I judged that the marks on the paper were an enchantment, and that the guards would not know what they were doing, nor have any memory of it afterward; and that was indeed the way of it. Ursula put her head in at the door now and said:

"Supper's ready, miss." Then she saw us and looked frightened, and motioned me to come to her, which I did, and she asked if we had told about the cat. I said no, and she was relieved, and said please don't; for if Miss Marget knew, she would think it was an unholy cat and would send for a priest and have its gifts all purified out of it, and then there wouldn't be any more dividends. So I said we wouldn't tell, and she was satisfied. Then I was beginning to say good-by to Marget, but Satan interrupted and said, ever so politely--well, I don't remember just the words, but anyway he as good as invited himself to supper, and me, too. Of course Marget was miserably embarrassed, for she had no reason to suppose there would be half enough for a sick bird. Ursula heard him, and she came straight into the room, not a bit pleased. At first she was astonished to see Marget looking so fresh and rosy, and said so; then she spoke up in her native tongue, which was Bohemian, and said--as I learned afterward--"Send him away, Miss Marget; there's not victuals enough."

Before Marget could speak, Satan had the word, and was talking back to Ursula in her own language--which was a surprise to her, and for her mistress, too. He said, "Didn't I see you down the road awhile ago?"

"Yes, sir."

"Ah, that pleases me; I see you remember me." He stepped to her and whispered: "I told you it is a Lucky Cat. Don't be troubled; it will provide."

That sponged the slate of Ursula's feelings clean of its anxieties, and a deep, financial joy shone in her eyes. The cat's value was augmenting. It was getting full time for Marget to take some sort of notice of Satan's invitation, and she did it in the best way, the honest way that was natural to her. She said she had little to offer, but that we were welcome if we would share it with her.

We had supper in the kitchen, and Ursula waited at table. A small fish was in the frying-pan, crisp and brown and tempting, and one could see that Marget was not expecting such respectable food as this. Ursula brought it, and Marget divided it between Satan and me, declining to take any of it herself; and was beginning to say she did not care for fish to- day, but she did not finish the remark. It was because she noticed that another fish had appeared in the pan. She looked surprised, but did not say anything. She probably meant to inquire of Ursula about this later. There were other surprises: flesh and game and wines and fruits--things which had been strangers in that house lately; but Marget made no exclamations, and now even looked unsurprised, which was Satan's influence, of course. Satan talked right along, and was entertaining, and made the time pass pleasantly and cheerfully; and although he told a good many lies, it was no harm in him, for he was only an angel and did not know any better. They do not know right from wrong; I knew this, because I remembered what he had said about it. He got on the good side of Ursula. He praised her to Marget, confidentially, but speaking just loud enough for Ursula to hear. He said she was a fine woman, and he hoped some day to bring her and his uncle together. Very soon Ursula was mincing and simpering around in a ridiculous girly way, and smoothing out her gown and prinking at herself like a foolish old hen, and all the time pretending she was not hearing what Satan was saying. I was ashamed, for it showed us to be what Satan considered us, a silly race and trivial. Satan said his uncle entertained a great deal, and to have a clever woman presiding over the festivities would double the attractions of the place.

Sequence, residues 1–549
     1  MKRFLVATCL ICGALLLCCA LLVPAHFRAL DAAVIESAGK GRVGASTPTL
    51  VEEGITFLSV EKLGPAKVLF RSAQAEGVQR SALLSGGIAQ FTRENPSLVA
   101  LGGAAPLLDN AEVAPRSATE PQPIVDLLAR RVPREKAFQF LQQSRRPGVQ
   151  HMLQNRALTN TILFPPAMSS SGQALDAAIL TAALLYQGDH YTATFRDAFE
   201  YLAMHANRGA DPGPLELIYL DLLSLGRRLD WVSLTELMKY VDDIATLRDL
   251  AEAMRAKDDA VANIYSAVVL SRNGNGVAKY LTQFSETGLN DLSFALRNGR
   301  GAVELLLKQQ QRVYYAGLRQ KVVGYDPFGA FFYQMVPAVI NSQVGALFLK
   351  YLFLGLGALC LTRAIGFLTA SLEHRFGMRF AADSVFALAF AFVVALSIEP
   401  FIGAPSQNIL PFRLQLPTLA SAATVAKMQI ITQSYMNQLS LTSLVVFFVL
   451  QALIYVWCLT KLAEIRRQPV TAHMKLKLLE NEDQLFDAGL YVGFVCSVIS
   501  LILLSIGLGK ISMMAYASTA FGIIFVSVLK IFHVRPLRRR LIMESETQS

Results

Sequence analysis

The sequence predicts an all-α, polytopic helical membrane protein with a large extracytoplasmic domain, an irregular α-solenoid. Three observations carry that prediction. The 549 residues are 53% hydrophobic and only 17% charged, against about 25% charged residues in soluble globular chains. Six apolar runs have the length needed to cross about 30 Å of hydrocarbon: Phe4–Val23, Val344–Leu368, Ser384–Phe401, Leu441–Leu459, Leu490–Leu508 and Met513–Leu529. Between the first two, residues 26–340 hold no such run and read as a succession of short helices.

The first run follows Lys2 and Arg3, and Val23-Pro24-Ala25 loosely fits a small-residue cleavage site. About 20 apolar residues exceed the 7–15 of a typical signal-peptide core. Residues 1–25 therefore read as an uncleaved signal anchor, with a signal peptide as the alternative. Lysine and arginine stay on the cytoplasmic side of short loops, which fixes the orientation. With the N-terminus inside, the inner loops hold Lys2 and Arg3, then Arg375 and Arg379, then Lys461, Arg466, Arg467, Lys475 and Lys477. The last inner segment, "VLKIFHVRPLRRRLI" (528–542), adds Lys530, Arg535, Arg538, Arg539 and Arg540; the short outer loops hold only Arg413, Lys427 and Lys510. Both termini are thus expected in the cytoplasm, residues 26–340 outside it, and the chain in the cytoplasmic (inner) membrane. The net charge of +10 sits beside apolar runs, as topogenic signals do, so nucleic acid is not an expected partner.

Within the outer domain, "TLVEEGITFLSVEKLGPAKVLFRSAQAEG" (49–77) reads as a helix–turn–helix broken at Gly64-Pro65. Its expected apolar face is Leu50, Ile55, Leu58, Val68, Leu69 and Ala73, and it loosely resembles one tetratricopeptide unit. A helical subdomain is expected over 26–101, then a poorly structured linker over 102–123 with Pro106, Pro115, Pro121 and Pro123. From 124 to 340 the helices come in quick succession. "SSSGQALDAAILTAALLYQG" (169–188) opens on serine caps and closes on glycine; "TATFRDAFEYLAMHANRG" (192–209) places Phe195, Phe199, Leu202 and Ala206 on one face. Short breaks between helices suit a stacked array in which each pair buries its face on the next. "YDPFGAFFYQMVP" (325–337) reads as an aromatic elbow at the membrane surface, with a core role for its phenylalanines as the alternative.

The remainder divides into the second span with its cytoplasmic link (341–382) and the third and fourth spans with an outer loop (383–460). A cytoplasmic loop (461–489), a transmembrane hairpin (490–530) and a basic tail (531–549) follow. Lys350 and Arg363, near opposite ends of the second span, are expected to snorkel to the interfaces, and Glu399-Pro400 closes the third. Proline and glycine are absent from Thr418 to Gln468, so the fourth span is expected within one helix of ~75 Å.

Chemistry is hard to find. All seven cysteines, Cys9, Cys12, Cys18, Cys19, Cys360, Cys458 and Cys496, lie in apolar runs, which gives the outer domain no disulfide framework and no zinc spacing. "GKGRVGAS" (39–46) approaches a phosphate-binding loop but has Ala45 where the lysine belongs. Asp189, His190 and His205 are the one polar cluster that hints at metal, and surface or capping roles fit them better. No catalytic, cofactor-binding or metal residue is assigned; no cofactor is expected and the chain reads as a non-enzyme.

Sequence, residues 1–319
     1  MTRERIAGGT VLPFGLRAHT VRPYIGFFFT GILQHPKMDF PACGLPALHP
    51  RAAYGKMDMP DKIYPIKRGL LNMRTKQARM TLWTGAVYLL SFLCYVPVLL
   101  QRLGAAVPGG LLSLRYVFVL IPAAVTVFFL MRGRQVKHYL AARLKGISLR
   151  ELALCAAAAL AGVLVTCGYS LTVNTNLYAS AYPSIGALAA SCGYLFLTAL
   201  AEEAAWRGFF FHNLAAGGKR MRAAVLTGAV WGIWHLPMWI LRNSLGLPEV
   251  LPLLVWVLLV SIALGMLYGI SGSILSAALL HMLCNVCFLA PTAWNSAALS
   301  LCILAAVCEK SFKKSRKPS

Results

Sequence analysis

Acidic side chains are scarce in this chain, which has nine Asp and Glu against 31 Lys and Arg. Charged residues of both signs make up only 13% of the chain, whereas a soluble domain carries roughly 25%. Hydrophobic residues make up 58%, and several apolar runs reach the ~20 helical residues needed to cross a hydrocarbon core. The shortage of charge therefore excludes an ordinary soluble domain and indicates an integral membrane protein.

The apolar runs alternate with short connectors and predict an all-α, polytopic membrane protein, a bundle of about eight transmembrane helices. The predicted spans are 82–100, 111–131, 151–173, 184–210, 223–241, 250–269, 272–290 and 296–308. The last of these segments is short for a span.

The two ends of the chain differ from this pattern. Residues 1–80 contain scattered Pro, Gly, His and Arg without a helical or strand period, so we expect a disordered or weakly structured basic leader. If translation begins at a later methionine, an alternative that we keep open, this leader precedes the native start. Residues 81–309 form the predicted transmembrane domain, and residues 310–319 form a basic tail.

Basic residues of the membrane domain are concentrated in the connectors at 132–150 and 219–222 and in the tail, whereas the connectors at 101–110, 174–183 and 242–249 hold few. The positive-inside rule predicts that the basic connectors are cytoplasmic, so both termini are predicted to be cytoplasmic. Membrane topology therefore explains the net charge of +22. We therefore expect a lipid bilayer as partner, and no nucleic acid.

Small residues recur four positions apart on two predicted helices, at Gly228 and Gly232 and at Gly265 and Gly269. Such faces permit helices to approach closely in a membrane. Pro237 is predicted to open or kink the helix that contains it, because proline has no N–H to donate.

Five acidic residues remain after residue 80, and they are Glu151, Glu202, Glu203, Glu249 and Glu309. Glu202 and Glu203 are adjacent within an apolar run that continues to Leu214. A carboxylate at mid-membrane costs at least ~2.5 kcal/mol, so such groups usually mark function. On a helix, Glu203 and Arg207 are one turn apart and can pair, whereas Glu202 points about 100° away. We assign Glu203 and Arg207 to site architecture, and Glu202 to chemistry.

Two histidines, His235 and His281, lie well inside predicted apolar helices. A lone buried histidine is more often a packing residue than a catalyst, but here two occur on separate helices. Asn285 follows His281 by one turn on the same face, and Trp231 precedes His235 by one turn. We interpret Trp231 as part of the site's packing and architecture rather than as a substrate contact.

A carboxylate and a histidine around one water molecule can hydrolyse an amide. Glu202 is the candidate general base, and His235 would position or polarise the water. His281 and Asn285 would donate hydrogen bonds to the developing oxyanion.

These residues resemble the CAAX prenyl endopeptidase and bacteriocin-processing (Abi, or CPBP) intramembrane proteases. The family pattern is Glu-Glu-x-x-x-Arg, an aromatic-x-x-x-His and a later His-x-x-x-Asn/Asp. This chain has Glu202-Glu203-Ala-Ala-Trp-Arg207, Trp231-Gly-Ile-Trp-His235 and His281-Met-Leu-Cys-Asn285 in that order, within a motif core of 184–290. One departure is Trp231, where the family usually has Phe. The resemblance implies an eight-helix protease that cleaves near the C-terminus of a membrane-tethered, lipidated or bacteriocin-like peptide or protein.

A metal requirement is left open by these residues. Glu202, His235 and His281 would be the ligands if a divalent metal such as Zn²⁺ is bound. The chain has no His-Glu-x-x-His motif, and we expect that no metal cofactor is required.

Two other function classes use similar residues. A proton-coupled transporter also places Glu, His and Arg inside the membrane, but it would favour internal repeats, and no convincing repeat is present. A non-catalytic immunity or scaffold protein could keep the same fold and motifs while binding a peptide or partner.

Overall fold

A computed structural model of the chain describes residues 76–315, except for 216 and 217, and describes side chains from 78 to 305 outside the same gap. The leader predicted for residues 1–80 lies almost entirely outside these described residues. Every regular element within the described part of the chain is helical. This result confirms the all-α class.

"But your uncle is a gentleman, isn't he?" asked Marget.

"Yes," said Satan indifferently; "some even call him a Prince, out of compliment, but he is not bigoted; to him personal merit is everything, rank nothing."

My hand was hanging down by my chair; Agnes came along and licked it; by this act a secret was revealed.

Mark Twain
Classic Literature Library

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